• recommendations of trade associations (e.g.: calculation models, cost estimates may be beneficial)

    • exchange of information (e.g.: unproblematic if data from the past is being circulated)

    • general terms and conditions (e.g.: models may be positive, but they should not be obligatory)


Competition enforcement 5

Competition enforcement 5.

B) abuse of dominance (more effect-based approach)

C) merger control

  • concentrations have an effect on the structure of the market for a long time

  • therefore, a too lenient approach towards mergers may be an ease for the current economic problems on the short run, but, on the long run, competition on the market will suffer;

  • however, the failing firm defence may still be applicable!

  • the speed of the procedures may be increased in cases which do not seem to be problematic at first sight


Competition enforcement 6

Competition enforcement 6.

D) unfair manipulation of consumer choice

  • allocative efficiency

  • examples: Tesco, OTP Bank, etc.

  • justification „we had to do it because of growing competitive pressure in the crisis” not acceptable

  • however: mitigating factors in setting the fine by the Competition Authority


Competition enforcement 7

Competition enforcement 7.

E) State aid control

  • State aid is granted by the individual Member States, which is controlled by the European Commission) –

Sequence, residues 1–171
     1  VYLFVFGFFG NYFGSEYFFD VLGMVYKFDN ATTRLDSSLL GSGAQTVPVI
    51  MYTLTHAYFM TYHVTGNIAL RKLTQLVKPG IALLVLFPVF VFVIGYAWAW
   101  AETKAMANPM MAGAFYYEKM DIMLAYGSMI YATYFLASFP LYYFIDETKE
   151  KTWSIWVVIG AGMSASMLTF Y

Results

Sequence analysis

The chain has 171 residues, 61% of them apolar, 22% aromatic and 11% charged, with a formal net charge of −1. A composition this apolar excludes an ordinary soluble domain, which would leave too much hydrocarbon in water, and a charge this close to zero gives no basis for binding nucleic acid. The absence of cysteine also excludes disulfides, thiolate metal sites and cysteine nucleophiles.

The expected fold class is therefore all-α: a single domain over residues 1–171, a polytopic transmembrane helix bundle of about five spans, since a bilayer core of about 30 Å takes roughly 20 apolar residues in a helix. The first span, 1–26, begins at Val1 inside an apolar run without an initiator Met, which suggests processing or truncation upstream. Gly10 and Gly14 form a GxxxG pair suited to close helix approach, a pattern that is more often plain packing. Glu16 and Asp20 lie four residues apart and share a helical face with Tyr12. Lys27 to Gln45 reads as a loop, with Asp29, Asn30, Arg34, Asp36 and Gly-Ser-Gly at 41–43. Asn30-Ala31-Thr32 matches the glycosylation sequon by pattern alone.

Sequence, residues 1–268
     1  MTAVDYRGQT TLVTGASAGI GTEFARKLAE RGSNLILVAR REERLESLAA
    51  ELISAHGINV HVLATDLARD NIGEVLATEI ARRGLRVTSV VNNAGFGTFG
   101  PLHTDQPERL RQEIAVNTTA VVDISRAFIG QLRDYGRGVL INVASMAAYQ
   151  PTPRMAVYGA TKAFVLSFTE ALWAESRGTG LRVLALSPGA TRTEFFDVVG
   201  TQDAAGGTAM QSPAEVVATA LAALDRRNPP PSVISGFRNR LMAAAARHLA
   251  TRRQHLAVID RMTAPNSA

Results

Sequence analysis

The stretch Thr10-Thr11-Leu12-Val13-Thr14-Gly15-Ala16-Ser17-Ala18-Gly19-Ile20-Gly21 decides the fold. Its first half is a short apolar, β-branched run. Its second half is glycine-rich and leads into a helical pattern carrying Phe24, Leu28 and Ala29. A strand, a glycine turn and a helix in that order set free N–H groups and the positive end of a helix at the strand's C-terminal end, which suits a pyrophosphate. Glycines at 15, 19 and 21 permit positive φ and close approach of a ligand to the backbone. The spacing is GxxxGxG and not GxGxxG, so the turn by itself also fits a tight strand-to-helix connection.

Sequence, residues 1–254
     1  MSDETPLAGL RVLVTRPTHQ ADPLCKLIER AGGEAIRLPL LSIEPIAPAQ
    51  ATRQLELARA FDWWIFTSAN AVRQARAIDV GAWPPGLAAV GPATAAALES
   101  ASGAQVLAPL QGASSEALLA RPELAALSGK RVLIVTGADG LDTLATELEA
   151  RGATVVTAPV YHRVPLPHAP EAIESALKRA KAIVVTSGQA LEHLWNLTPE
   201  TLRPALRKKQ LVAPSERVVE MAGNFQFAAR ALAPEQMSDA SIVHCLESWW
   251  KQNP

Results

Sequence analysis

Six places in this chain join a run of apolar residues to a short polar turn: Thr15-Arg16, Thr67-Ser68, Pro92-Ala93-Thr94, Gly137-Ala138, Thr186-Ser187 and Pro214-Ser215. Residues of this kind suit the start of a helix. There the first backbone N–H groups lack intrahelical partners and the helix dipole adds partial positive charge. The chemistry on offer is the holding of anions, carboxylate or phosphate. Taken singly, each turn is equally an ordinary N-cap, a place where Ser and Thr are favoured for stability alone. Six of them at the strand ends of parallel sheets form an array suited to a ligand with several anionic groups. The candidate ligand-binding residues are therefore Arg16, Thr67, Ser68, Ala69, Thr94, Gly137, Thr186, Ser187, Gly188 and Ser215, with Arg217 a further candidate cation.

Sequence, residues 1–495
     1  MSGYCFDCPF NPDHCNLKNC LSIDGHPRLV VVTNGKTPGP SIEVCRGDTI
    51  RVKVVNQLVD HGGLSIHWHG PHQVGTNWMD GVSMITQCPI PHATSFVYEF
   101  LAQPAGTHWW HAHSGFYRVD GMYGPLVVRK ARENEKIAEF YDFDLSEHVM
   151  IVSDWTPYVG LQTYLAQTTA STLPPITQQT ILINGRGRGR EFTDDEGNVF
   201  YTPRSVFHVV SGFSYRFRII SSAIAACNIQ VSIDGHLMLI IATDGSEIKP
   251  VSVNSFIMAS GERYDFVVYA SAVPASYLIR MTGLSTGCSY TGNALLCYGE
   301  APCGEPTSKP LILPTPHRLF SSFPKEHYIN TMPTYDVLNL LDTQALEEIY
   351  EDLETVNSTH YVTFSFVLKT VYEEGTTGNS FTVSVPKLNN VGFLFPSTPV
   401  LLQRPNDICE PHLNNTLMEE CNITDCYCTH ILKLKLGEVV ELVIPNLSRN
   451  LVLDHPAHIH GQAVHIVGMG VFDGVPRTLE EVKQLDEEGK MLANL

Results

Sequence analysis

• measures, for ex.:

    • state guarantees for loans at a reduced premium; subsidised loans; risk capital aid for SMEs extended

    • speedy assessment


Competition advocacy 1

COMPETITION ADVOCACY 1.

  • Competiton-friendly legal environment must be created

  • the State should not impede competition by, for ex., introducing anti-competitive laws

    • artificial barriers of entry and exit should not be created

    • legal monopolies should not be established

    • negative example: prohibition of „sales below cost”


Competition advocacy 2

COMPETITION ADVOCACY 2.

  • the State should carry out deregulation in order to introduce more competition on certain markets

    • examples (railways, postal services, telecommunications, etc.)

    • competition advocacy of the GVH (for ex.: medicins)

    • the Australian example – results


Competition advocacy 3

COMPETITION ADVOCACY 3.

  • suppressing competition during crisis is counter-productive on the long run

  • historical (negative) example: suspension of competition policy by President Roosevelt during the 1930s New Deal

  • results: increase in unemployment by 24%, market concentrations, Great Depression extended


Competition culture

COMPETITION CULTURE

  • the GVH’s role in spreading competition culture

  • make companies and consumers aware of their rights (for ex.: complaints – everybody may submit it to the GVH)


Further implications for the enforcer

Further implications for the enforcer

  • driving the firm out of the market must NOT be the aim of competition enforcement

  • economic difficulty taken into account

    • when setting the fine (GVH’s level)

    • when deciding about the suspension of the execution of the fine (court level)


31 march 2009

Thank you for your attention!

Bálint BASSOLA

E-mail: Bassola.Balint@ gvh.hu

Hungarian Competition Authority

(Gazdasági Versenyhivatal)